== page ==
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Zucchini Rutabaga Cakes with Tomato Marmalade

Zucchini Rutabaga Cakes with Tomato Marmalade
 This post was a contribution to the venerable food web event "Is My Blog Burning?" (Anyone or anything in the foodblogosphere that's been around for more than a year is "venerable," possibly even ancient, and this baby is in its 18th month. Talk about venerable!) Each month, food bloggers all over the world blog on a specified theme for one day and some worthy volunteer hosts the event, which means defining the theme and then collecting all the links and posting a roundup of the contributions a few days later. No competition angle here, just good fun in the kitchen!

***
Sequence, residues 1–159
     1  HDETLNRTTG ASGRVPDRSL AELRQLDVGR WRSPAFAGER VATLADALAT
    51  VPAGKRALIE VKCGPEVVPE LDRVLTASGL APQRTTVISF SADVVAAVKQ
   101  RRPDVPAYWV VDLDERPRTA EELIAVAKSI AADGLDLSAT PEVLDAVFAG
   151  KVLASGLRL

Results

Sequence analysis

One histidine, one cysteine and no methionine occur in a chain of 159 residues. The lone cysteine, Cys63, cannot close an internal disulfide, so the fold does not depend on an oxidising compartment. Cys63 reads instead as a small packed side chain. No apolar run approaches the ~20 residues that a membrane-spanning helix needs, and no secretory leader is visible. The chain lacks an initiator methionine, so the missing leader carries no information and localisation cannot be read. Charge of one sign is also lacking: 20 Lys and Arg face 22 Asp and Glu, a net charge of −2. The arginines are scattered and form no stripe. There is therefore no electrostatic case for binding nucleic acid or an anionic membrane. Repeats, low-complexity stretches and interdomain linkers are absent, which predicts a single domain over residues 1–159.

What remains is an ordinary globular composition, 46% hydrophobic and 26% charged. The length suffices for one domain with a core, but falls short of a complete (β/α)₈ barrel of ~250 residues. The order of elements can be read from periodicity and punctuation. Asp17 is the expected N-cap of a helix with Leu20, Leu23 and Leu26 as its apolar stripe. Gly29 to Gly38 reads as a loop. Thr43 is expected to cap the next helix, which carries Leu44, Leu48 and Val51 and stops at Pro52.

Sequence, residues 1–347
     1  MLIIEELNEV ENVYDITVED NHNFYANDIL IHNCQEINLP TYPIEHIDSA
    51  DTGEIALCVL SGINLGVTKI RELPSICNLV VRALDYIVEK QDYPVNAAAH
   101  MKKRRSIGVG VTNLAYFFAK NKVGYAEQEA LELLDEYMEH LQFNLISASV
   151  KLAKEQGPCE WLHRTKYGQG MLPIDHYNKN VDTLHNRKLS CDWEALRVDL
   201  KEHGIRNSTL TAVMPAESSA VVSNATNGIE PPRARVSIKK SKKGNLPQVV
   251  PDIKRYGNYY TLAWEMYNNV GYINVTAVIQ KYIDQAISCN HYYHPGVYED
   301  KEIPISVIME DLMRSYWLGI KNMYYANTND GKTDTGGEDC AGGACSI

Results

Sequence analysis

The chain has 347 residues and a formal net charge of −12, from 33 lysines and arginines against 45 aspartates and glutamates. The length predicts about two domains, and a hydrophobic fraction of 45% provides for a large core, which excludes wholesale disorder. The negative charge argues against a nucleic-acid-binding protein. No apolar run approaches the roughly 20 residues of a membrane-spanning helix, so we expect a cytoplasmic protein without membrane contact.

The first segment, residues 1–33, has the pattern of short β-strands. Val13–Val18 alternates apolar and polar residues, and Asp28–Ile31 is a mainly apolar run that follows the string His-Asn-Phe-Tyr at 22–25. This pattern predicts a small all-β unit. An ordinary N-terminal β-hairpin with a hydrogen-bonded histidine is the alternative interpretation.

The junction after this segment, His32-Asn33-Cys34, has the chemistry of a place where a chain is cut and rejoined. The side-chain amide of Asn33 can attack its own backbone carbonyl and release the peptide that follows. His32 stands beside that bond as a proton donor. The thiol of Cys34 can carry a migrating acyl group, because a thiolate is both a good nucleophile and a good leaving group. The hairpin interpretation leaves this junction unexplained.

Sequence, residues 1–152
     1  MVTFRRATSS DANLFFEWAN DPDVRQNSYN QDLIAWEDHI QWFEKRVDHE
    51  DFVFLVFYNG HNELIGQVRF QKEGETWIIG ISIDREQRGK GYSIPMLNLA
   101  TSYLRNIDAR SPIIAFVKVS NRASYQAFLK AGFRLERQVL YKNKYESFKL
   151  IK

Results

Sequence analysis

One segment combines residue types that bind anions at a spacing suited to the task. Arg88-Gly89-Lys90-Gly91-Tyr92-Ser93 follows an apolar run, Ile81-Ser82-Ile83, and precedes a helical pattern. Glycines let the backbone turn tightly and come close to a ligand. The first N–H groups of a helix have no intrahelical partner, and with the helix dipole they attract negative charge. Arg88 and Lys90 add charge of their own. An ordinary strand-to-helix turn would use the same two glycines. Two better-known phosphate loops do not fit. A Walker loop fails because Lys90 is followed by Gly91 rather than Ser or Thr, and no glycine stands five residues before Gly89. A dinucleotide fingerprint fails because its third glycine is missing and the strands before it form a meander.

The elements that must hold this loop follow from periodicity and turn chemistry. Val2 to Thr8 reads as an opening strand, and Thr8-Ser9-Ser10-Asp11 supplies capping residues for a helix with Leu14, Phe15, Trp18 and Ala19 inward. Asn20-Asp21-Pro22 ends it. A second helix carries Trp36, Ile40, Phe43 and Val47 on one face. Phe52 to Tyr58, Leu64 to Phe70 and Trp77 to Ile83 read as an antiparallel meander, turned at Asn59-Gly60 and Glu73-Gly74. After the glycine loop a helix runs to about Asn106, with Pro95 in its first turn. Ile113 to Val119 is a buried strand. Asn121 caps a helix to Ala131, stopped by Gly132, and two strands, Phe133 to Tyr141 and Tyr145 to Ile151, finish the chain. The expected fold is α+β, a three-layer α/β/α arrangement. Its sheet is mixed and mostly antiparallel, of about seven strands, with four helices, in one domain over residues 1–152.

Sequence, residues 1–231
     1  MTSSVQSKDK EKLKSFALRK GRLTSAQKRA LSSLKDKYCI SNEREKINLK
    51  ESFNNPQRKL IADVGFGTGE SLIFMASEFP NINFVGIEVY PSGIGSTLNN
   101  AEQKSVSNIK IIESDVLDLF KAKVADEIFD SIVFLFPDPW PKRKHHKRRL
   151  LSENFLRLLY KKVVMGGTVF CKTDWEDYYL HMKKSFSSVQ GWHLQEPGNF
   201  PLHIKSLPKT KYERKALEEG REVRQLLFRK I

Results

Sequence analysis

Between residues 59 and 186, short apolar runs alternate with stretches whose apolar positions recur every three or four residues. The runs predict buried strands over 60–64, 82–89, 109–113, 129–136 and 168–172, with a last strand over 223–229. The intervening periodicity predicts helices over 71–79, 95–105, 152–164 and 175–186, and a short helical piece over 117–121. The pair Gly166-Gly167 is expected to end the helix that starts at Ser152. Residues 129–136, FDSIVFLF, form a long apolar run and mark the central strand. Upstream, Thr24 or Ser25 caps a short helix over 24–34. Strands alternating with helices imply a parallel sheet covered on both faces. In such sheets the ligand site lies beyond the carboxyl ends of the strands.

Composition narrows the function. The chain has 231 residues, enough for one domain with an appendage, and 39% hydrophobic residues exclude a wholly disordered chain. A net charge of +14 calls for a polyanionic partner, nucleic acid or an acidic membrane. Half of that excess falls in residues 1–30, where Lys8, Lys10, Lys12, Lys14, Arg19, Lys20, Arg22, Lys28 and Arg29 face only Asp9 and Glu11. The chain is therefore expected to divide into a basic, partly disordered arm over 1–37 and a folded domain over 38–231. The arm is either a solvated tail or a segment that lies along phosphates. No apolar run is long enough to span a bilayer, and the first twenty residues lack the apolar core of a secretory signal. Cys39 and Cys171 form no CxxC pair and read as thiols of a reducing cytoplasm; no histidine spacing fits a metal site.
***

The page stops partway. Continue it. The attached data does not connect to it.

This month the host is Linda of At Our Table, and in her theme proclamation she announced: Summer's Flying, Let's Get Frying! Anything fried - deep fried, pan fried, or stir-fried - is therefore the name of this month's IMBB game.

"We're here, we're frying, get used to it."

The Epicurious food dictionary defines "fry" as "To cook food in hot fat over moderate to high heat." I've done my part here, with an attempt to bring together a suite of late-summer goodness in these zucchini-rutabaga pancakes with tomato-corn marmalade, but in sitting down to write out the recipe I've run up against a bit of a snag: we don't fry things anymore! Only sauté is allowed in the healthy kitchen of the new century. It's only a word, after all, and in my book (and in the Epicurious dictionary) sauté is just another word for fry, but for whatever reason I'm balking at writing the words "fry the cakes."